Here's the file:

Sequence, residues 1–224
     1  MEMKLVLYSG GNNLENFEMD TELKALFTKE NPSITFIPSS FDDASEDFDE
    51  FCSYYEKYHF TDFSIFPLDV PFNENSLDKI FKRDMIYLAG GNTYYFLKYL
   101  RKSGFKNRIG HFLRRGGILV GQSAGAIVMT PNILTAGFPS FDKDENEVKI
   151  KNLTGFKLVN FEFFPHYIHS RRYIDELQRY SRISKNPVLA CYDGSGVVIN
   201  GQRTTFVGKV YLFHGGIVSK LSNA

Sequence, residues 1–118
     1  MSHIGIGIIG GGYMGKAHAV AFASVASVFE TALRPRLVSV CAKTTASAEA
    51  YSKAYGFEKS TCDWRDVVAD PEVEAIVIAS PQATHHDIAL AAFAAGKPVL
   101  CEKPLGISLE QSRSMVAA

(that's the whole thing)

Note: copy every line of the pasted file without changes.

Sequence, residues 1–224
     1  MEMKLVLYSG GNNLENFEMD TELKALFTKE NPSITFIPSS FDDASEDFDE
    51  FCSYYEKYHF TDFSIFPLDV PFNENSLDKI FKRDMIYLAG GNTYYFLKYL
   101  RKSGFKNRIG HFLRRGGILV GQSAGAIVMT PNILTAGFPS FDKDENEVKI
   151  KNLTGFKLVN FEFFPHYIHS RRYIDELQRY SRISKNPVLA CYDGSGVVIN
   201  GQRTTFVGKV YLFHGGIVSK LSNA

Sequence, residues 1–118
     1  MSHIGIGIIG GGYMGKAHAV AFASVASVFE TALRPRLVSV CAKTTASAEA
    51  YSKAYGFEKS TCDWRDVVAD PEVEAIVIAS PQATHHDIAL AAFAAGKPVL
   101  CEKPLGISLE QSRSMVAA